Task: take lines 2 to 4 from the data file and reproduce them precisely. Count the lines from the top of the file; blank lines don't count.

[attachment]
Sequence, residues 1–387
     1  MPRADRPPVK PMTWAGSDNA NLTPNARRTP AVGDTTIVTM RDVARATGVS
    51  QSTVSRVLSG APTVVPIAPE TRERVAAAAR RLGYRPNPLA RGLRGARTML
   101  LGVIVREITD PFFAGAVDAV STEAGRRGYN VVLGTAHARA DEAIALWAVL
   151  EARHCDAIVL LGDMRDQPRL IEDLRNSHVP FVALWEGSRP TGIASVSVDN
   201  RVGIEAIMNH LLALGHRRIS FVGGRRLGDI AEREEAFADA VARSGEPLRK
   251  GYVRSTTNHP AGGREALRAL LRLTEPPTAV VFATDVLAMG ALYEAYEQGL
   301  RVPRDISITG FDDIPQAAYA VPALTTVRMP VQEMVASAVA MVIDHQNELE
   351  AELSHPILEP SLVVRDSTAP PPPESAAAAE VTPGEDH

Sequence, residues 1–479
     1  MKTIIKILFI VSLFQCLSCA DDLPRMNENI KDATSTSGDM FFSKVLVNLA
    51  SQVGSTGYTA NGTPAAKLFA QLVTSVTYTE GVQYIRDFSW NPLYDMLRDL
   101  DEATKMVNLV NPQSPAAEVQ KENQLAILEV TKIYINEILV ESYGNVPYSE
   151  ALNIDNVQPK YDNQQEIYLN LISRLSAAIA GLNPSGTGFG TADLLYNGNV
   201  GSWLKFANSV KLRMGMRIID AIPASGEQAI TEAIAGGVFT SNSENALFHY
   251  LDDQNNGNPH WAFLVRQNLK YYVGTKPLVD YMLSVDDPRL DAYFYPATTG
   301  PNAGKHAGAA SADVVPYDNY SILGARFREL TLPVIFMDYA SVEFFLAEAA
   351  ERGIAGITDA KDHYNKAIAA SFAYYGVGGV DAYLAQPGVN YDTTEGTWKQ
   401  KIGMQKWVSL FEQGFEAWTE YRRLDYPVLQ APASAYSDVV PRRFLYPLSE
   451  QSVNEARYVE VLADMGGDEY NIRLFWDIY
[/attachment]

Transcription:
     1  MPRADRPPVK PMTWAGSDNA NLTPNARRTP AVGDTTIVTM RDVARATGVS
    51  QSTVSRVLSG APTVVPIAPE TRERVAAAAR RLGYRPNPLA RGLRGARTML
   101  LGVIVREITD PFFAGAVDAV STEAGRRGYN VVLGTAHARA DEAIALWAVL